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Crania Americana; or, A Comparitive View of the Skulls of Various Aboriginal Nations of North and South America: To which is Prefixed An Essay on the Varieties of the Human Species

Philadelphia: J. Dobson, 1839


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ANATOMICAL MEASUREMENTS. 249

The great and uniform differences between these heads and those. of the American Indians, will be obvious to every one accustomed to make comparisons of this kind, and serve as corroborative evidence of the opinion that the Eskimaux are the "only people possessing Asiatic characteristics on the American continent.

ANATOMICAL MEASUREMENTS.

These measurements are derived from one hundred and forty-seven skulls of American Indians of forty different nations and tribes; and the crania are all of adult persons, and unaltered by art. The table is itself sufficiently explanatory for general purposes, but it is necessary to premise- the manner in which the measurements have been taken.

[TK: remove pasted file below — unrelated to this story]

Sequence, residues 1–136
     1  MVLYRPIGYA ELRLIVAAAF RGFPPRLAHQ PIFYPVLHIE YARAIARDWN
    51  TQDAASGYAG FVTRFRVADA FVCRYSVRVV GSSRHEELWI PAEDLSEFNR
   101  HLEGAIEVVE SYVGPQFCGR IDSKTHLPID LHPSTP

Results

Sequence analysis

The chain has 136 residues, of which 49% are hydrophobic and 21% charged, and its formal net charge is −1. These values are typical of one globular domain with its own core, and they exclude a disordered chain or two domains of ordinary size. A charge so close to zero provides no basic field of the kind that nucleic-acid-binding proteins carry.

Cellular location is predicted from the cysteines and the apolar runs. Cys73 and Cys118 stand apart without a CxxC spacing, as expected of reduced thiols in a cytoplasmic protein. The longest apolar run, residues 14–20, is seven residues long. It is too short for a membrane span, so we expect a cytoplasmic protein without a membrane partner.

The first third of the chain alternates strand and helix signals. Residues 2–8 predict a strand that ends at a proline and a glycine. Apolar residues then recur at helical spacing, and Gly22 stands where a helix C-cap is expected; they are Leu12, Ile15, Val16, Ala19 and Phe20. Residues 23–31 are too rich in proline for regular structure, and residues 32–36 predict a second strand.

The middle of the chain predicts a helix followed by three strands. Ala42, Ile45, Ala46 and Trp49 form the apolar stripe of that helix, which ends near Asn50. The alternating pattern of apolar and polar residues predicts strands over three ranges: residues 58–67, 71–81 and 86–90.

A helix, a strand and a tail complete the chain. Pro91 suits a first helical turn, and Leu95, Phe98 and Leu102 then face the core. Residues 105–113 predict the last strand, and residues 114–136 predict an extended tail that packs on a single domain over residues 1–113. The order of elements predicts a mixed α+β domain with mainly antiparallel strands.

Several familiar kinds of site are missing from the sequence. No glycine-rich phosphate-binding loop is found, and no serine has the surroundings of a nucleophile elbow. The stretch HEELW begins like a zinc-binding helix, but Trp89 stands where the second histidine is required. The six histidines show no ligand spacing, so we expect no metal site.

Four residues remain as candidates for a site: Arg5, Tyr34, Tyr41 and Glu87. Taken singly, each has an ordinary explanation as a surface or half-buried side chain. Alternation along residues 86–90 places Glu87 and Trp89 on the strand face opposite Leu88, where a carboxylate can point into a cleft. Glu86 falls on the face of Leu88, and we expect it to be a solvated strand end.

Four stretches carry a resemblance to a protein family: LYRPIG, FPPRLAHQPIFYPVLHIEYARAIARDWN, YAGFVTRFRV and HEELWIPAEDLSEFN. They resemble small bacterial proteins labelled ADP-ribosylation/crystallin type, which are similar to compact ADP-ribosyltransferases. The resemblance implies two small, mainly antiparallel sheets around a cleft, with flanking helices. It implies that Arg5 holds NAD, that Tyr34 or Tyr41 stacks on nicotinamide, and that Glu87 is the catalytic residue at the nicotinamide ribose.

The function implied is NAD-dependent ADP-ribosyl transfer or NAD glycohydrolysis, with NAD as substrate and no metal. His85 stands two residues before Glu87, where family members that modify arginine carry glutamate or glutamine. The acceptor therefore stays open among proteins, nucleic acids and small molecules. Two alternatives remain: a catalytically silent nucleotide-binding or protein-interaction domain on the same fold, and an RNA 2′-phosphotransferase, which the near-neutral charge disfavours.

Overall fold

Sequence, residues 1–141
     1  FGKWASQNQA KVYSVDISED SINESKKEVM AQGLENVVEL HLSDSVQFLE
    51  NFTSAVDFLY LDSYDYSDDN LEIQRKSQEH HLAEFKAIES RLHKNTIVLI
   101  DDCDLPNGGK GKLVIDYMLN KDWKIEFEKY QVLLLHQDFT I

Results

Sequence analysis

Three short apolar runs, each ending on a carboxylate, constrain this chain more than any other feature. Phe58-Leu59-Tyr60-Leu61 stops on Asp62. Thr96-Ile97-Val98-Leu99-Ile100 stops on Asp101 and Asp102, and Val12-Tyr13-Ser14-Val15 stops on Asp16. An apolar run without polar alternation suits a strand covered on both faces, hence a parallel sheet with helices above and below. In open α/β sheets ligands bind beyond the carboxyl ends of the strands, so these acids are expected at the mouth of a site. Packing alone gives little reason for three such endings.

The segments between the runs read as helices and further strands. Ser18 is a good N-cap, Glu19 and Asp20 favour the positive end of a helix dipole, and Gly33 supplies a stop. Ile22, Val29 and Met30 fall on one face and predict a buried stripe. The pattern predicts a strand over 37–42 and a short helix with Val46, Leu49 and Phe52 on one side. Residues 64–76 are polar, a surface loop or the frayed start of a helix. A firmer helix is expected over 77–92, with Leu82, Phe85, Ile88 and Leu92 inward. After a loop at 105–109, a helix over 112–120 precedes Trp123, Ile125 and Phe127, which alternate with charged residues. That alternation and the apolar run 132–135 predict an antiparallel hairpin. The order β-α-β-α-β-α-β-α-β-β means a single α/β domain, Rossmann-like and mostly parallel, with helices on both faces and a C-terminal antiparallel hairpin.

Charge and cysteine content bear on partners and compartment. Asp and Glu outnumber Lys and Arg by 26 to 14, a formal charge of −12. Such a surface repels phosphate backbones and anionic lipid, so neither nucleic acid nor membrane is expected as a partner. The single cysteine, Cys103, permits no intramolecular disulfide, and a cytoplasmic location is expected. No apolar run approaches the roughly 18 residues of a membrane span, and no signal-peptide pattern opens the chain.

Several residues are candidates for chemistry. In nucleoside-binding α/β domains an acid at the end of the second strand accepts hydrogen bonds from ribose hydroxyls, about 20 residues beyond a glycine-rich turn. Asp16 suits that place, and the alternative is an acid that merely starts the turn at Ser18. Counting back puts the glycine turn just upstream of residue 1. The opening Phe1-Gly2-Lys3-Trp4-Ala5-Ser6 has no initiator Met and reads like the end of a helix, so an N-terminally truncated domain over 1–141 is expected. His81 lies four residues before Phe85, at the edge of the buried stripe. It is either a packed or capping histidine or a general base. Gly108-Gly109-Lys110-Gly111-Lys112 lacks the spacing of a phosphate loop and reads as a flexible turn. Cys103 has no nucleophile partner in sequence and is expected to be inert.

The longitudinal diameter is measured from the most prominent part of the os frontis, between the superciliary ridges, to the extreme end of the occiput.

The parietal diameter is measured between the most distant points of the parietal bones, which are, for the most part, the protuberances of these bones.

The frontal diameter is taken between the anterior inferior angles of the parietal bones.

The vertical diameter is measured from the fossa between the condyles of the occipital bone, to the top of the skull.

The inter-mastoid arch is measured, with a graduated tape, from the point of one mastoid process to the other, over the external table of the skull.

The inter-mastoid line is the distance, in a straight line, between the points of the mastoid processes.

The occipito frontal arch is measured by a tape over the surface of the cranium, from the posterior margin of the foramen magnum to the suture which connects the os frontis with the bones of the nose.

The horizontal periphery is measured by passing a tape around the cranium so as to touch the os frontis immediately above the superciliary ridges, and the most prominent part of the occipital bone.

The length of the head and face is measured from the margin of the upper jaw, to the most distant point of the occiput.

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